As medical herbalists we are often asked “are herbs safe”? We would love to say an unequivocal yes to that question, but the answer isn’t that simple. Just because something is “natural” doesn’t always mean it is safe for everyone to take. While herbs generally have far less potential for side effects than conventional medications, they do have the potential to exacerbate certain health conditions and to interact with prescription medications if not used properly.
Among people in North America who take a prescription medication, an estimated one in five have also taken an herbal medication in the past year. It appears that in Canada, in particular, this rate is even higher. In a research study published in the Canadian Journal of Clinical Pharmacology is was found that of the 11,424 adults surveyed fifty-seven percent of users also reported taking a conventional medicine in the same period in which they were taking natural supplements.
Many of today’s top selling herbs, while valuable for helping with many health conditions, have risks associated with their use. Herbs such as St. John’s wort, ginkgo, ginseng, valerian, garlic and ginger all have the potential to interact with pharmaceutical medication. Even simple common herbs can sometimes be problematic for some individuals.
Herbs such as lemon balm, which can slow thyroid function in people with hypothyroidism; echinacea, which can overstimulate the immune system and potentially cause significant problems for those with immune disorders; chamomile, which can cause nausea and skin rash for those with ragweed allergies; and licorice and goldenseal, which both can increase blood pressure in those with hypertension, are just some examples.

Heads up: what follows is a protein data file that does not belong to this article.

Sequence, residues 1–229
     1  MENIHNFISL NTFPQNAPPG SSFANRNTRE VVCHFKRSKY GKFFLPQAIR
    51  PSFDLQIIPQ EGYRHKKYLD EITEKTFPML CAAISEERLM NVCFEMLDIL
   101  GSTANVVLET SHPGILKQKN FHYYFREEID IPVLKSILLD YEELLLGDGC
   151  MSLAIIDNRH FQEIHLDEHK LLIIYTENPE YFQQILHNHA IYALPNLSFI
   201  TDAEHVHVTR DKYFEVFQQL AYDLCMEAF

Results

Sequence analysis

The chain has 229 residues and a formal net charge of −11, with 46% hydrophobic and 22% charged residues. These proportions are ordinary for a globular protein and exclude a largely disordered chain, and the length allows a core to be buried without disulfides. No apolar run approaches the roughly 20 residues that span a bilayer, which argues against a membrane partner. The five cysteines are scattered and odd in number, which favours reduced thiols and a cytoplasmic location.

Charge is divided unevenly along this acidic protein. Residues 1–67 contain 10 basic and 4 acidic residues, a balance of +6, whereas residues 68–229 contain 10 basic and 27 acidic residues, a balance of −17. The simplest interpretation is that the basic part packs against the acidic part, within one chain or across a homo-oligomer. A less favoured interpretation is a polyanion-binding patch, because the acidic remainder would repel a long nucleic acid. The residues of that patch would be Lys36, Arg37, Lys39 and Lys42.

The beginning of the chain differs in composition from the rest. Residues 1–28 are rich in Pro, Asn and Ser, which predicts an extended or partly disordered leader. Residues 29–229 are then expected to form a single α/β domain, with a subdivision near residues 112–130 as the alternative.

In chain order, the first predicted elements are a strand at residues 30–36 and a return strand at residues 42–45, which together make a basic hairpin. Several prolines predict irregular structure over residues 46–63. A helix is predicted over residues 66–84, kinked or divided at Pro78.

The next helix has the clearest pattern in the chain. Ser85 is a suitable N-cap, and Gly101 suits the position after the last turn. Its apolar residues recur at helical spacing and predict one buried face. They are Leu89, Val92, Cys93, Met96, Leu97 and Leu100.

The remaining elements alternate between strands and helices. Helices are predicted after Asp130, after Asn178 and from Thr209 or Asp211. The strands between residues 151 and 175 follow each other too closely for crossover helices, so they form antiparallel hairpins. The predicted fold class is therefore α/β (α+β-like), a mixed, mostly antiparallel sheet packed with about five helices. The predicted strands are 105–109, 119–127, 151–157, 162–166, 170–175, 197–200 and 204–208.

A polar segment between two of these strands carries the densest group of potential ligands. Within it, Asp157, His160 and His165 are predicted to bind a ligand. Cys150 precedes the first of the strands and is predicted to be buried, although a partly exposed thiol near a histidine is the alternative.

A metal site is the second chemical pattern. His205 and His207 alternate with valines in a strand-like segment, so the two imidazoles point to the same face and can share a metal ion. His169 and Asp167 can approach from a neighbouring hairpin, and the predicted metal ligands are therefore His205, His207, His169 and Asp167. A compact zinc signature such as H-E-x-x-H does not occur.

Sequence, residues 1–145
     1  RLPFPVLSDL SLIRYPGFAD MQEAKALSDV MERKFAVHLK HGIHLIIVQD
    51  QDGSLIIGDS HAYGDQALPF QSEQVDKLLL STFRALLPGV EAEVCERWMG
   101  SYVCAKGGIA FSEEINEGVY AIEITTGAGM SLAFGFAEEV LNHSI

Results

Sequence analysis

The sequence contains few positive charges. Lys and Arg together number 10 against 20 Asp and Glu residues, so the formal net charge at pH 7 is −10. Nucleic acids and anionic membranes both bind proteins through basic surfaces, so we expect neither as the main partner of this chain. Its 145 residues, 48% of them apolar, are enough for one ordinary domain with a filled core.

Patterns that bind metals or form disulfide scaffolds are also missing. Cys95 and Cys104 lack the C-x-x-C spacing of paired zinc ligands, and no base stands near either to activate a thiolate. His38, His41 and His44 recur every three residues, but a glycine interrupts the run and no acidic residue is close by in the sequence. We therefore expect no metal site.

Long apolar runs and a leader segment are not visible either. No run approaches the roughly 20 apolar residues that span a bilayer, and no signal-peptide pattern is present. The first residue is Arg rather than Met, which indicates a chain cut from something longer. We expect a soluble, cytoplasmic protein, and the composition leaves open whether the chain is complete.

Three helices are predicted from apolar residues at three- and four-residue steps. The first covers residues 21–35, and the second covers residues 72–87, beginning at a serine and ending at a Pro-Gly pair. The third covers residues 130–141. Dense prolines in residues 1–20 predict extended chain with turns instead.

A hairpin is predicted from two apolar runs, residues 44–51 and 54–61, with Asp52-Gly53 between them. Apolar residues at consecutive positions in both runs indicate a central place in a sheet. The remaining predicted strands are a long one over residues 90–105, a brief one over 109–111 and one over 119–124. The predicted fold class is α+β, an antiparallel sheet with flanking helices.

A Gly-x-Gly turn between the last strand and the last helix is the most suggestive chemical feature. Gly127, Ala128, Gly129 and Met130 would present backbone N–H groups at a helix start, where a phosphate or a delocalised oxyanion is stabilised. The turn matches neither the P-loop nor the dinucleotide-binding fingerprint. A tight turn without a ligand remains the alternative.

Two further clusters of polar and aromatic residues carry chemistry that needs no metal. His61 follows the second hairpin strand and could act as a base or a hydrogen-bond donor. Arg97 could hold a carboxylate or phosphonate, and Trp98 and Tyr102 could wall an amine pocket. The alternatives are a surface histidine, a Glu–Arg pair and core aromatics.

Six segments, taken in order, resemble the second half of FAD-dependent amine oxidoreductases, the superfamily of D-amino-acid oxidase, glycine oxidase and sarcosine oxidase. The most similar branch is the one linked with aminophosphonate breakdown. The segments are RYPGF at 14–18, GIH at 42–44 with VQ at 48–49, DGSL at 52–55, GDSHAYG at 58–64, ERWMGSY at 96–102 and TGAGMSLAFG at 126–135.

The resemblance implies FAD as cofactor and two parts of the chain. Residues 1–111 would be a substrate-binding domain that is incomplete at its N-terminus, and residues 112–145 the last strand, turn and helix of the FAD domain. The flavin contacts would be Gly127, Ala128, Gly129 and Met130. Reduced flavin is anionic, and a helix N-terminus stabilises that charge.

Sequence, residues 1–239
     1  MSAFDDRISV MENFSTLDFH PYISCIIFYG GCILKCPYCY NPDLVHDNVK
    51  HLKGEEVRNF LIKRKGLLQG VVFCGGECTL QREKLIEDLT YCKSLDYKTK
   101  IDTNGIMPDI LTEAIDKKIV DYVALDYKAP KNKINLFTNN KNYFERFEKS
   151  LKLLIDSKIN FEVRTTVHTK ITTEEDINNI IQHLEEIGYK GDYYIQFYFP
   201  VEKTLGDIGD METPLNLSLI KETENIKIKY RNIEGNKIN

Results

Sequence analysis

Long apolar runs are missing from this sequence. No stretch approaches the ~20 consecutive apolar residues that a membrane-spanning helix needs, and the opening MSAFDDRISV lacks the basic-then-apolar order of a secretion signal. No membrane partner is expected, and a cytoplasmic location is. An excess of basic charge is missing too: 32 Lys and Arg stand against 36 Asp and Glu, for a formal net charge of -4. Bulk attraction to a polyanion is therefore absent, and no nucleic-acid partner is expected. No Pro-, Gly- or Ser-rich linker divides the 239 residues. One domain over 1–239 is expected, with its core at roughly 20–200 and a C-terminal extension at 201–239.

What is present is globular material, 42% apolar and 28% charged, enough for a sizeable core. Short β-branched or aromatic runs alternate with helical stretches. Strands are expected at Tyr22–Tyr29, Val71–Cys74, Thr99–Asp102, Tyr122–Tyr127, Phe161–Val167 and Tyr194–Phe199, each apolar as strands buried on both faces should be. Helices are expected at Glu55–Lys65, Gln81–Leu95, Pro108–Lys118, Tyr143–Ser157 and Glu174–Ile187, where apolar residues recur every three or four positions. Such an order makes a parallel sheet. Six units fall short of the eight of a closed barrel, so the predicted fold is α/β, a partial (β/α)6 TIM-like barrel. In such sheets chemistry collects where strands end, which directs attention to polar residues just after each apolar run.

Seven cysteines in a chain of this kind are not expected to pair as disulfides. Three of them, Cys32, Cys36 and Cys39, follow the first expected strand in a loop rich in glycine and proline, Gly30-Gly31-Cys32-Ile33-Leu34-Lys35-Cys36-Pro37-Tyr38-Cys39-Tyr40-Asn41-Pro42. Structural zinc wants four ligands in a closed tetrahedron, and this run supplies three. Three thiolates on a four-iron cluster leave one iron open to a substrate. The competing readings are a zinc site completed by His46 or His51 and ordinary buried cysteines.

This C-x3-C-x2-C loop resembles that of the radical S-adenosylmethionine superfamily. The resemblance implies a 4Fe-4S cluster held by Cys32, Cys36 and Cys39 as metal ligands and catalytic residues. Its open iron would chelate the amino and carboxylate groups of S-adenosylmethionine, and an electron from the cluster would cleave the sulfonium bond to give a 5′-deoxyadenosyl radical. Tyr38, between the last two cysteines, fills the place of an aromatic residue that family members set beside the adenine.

The key is to make sure you do your research before you take any supplement especially if you have a significant health issue or are on prescription medications. A fully qualified medical herbalist or a naturopathic physician can also be a resource for you in deciding which herb is the safest for you. It is important to choose the best quality products available from reputable sources and preferably made in Canada. Almost all of the reported adverse effects from herbal supplements worldwide have been from poor manufacturing practices that have resulted in cross contamination of herbs with toxic materials or the use of the wrong parts of an herb.
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If you wish to use herbs to treat a medical condition, especially if you are on pharmaceutical drugs it is important to share this information with all of your healthcare providers. In the study mentioned earlier, of the 57% of those people taking both conventional medicines and natural supplements, on average only 5% told their physician or pharmacist that they were using supplements.
It does not have to be an ‘either-or’ situation when using herbal supplements and pharmaceutical drugs. There are ways to combine them safely, but this is best achieved by making sure you are working as a team with all your healthcare providers to get the safest, most effective result.
So to answer the question “are herbs safe?” …if you use them properly they most definitely can be.
All material contained herein is provided for general information purposes only and should not be considered medical advice or consultation. Contact a reputable healthcare practitioner if you are in need of medical care.